KINDNESS is the new currency

We all have our own individual takes on how reality has changed since we became aware of Covid-19, wherever we are in the world. The first commercial flight in many weeks arrived in Windhoek a few days ago and with it, one assumes, the first overseas mail in a long while. My very out-of-date ‘New Yorker’ from earlier this year duly arrived in my post box and it reads, honestly, like a communication from another planet. Even those few short months ago, the pandemic was still a semi-abstract concept for people here in Namibia. In the city where it’s published, the writers and photographers covering the unfolding crisis for the magazine back in May were clearly aware that, to use that overworked word, they were dealing with an unprecedented catastrophe and yet, with the gift of hindsight, their words and images seem – now – to be wholly inadequate to the task of warning what might still be to come.

But over the past few weeks, as the infection rate has risen here at home and the government has responded with what seems to me to be pragmatic, consistent and effective leadership, it’s also been possible to see how – to use another cliche – the worst of times has brought out the best in people. And I’ve been truly humbled by the numbers of perfect strangers reaching out to the ‘Sew Good’ project specifically, and local producers and traders more generally, in an effort to assist in ways that uplift the most hard-hit and impoverished communities and forge connections that will endure and bolster the circular economy – whereby goods are exchanged and repurposed, rather than discarded and replaced anew – after the dark days are a receding memory.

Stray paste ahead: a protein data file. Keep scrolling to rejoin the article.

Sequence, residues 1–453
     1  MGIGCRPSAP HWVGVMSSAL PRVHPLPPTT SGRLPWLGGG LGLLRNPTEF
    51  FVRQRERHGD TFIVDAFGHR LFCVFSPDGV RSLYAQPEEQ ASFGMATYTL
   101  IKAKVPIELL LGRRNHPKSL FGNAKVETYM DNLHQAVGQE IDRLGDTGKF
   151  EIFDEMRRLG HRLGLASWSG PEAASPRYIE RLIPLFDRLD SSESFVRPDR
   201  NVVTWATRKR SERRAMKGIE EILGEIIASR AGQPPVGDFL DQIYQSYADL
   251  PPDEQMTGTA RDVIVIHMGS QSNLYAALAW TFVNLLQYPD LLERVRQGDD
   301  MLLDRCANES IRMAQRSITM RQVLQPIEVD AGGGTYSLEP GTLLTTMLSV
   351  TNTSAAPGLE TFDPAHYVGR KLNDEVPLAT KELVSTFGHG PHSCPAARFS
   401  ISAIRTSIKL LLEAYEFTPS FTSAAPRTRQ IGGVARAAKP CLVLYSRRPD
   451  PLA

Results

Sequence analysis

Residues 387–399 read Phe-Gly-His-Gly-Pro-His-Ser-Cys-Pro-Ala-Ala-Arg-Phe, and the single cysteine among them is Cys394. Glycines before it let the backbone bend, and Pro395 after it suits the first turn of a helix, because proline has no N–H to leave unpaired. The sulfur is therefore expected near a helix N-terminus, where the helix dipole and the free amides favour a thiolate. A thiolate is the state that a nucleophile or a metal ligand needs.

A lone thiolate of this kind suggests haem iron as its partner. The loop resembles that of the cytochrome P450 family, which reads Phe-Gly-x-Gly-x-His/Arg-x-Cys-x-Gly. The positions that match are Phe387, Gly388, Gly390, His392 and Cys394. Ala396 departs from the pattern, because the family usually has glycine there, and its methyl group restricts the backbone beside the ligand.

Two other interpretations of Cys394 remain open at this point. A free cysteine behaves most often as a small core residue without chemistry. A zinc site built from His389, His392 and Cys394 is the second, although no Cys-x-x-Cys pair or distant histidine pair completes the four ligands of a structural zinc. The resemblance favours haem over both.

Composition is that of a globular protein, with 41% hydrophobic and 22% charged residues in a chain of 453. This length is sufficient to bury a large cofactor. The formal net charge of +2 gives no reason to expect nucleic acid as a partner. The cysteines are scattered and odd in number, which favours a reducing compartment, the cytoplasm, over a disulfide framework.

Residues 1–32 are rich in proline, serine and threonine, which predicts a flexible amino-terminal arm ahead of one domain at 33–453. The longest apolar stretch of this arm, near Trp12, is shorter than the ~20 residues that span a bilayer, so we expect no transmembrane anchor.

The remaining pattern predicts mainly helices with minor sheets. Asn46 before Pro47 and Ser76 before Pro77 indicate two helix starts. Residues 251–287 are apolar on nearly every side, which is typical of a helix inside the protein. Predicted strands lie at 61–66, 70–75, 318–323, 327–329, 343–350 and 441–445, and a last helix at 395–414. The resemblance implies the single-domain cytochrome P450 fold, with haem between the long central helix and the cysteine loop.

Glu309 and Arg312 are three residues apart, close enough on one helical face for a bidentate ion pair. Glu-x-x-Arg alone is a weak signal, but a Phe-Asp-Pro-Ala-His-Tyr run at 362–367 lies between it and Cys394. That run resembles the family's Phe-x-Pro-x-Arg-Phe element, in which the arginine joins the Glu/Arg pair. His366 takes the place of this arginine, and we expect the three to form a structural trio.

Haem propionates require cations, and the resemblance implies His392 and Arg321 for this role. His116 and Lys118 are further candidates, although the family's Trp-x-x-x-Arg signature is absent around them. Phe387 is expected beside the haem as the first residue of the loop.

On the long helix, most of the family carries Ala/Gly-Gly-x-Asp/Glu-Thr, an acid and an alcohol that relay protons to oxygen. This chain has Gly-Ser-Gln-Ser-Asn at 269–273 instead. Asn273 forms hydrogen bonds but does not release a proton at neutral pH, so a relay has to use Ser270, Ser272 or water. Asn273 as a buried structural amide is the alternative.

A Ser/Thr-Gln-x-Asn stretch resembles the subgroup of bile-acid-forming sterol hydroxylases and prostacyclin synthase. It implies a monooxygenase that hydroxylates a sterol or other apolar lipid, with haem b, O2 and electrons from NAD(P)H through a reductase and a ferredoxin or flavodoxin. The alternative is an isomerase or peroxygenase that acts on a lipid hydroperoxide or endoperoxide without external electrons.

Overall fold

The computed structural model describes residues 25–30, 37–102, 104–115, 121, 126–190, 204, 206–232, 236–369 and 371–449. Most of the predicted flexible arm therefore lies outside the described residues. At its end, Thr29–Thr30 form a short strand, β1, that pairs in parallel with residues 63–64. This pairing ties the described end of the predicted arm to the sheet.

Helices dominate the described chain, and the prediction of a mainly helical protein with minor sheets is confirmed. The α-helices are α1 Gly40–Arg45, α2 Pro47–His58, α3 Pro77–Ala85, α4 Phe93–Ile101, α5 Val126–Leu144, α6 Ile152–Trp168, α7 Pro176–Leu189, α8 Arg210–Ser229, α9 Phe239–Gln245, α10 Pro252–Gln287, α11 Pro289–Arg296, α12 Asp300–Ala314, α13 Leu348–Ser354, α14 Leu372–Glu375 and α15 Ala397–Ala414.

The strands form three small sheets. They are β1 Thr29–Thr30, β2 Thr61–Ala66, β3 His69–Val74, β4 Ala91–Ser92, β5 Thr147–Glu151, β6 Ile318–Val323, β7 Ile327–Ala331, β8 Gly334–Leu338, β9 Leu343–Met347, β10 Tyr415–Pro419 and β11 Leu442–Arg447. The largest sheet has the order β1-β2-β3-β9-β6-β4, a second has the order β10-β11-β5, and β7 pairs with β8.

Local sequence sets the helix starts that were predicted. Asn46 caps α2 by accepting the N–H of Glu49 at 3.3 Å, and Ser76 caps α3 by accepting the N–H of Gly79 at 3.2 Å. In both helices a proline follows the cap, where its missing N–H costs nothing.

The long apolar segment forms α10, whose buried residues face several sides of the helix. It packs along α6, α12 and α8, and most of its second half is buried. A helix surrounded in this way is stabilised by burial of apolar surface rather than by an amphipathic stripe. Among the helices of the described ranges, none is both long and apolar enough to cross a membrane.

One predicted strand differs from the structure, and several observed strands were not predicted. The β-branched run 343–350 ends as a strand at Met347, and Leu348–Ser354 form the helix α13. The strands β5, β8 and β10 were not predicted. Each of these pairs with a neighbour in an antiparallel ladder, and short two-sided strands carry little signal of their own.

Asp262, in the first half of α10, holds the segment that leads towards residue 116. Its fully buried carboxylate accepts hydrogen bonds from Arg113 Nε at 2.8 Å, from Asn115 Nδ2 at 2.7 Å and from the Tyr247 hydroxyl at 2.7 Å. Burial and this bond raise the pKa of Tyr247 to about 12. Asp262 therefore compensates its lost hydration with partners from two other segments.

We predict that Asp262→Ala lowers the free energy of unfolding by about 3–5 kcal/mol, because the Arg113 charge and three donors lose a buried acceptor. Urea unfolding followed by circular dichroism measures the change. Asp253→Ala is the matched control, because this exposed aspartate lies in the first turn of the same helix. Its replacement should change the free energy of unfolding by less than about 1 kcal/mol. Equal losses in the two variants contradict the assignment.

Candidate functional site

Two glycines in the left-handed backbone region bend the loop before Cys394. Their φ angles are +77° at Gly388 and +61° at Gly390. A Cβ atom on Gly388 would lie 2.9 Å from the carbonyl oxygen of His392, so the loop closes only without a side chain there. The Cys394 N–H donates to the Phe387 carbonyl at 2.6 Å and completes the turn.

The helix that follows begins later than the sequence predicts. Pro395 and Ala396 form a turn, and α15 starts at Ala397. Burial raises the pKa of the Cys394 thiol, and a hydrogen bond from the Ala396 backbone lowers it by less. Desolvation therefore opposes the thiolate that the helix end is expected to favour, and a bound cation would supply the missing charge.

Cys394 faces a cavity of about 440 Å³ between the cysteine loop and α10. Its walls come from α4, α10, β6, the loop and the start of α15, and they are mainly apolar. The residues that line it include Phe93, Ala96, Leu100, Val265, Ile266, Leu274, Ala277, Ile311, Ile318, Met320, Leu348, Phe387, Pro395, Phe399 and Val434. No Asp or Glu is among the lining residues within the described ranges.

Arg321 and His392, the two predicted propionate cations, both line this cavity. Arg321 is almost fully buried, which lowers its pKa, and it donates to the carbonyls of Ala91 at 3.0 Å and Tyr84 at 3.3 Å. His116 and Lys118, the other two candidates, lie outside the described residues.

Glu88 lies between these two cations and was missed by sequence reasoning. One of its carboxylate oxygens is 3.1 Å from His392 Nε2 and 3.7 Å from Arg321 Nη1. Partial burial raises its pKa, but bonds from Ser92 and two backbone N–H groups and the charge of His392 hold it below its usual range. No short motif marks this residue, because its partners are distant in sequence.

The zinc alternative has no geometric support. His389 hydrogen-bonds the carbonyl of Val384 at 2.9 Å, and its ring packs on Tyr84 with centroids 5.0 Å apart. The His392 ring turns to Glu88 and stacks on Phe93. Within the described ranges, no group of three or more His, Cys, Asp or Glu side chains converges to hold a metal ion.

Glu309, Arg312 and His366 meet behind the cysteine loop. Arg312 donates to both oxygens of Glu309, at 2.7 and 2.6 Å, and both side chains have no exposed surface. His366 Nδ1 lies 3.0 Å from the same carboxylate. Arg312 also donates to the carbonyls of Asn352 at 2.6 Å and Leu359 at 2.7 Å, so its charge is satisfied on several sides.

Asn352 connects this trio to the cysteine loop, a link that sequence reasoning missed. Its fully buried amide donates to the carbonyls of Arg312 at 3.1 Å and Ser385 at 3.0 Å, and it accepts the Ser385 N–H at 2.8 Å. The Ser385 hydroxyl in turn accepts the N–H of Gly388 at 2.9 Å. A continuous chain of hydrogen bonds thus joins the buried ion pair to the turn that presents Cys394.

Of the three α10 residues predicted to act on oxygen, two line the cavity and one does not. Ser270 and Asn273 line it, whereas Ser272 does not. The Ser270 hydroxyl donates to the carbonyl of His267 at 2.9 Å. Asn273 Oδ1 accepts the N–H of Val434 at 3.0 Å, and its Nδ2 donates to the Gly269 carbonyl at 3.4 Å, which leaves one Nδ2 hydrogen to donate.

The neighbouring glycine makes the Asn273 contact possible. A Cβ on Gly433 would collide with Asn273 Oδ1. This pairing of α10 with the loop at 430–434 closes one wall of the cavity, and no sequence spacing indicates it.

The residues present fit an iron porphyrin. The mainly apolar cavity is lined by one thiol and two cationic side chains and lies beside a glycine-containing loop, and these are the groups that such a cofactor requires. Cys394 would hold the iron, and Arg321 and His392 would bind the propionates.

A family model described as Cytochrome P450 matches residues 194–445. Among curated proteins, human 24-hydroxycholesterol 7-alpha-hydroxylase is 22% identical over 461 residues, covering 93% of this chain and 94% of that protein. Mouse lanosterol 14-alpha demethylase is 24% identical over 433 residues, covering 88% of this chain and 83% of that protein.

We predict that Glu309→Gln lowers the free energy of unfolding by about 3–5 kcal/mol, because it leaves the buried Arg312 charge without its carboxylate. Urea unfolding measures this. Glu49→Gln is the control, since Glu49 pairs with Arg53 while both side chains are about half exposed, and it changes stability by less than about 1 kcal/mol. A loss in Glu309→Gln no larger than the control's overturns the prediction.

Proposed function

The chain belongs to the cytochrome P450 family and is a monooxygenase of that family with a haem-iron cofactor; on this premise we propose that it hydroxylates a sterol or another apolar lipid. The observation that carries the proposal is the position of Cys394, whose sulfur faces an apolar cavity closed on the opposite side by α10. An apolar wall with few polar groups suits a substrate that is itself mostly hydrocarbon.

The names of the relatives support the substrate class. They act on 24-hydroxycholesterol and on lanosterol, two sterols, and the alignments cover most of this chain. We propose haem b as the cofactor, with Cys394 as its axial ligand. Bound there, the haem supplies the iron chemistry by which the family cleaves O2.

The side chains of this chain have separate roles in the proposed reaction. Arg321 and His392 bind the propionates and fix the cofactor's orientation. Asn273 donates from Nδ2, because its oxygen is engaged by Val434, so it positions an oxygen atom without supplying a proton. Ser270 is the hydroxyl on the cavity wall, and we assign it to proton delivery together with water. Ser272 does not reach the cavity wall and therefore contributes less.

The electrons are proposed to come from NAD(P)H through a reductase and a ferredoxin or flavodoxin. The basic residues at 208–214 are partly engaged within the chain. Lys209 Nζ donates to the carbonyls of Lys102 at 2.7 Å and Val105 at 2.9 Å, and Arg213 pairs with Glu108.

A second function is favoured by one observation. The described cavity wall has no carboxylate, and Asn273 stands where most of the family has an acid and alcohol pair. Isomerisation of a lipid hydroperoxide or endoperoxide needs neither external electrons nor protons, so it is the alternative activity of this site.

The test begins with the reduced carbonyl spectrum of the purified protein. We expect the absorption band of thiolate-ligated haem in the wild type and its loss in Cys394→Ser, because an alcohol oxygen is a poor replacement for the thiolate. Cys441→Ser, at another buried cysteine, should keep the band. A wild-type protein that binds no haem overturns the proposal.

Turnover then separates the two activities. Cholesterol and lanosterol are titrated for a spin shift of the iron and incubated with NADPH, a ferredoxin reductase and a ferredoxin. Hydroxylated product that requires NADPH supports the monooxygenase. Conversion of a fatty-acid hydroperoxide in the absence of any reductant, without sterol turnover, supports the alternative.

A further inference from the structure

In the ‘All Trousers’ section of this blog you will soon find the details of the businesses that have generously supplied us with donated fabric and other resources so that the craftswomen can continue to keep creating the bags and other items that help to support their families. However, I couldn’t resist including here a photo of the FIVE big boxes of large hessian coffee sacks delivered to town from the coast, for free, courtesy of Two Beards Coffee and Formula Couriers (https://www.facebook.com/twobeardscoffeeroasters/ and https://www.formulacourier.com/). Their selfless determination to see us supplied with a new type of material for upcycling so that we can add to the range of products we offer is just one example of the generosity flowing freely between Namibians right across country.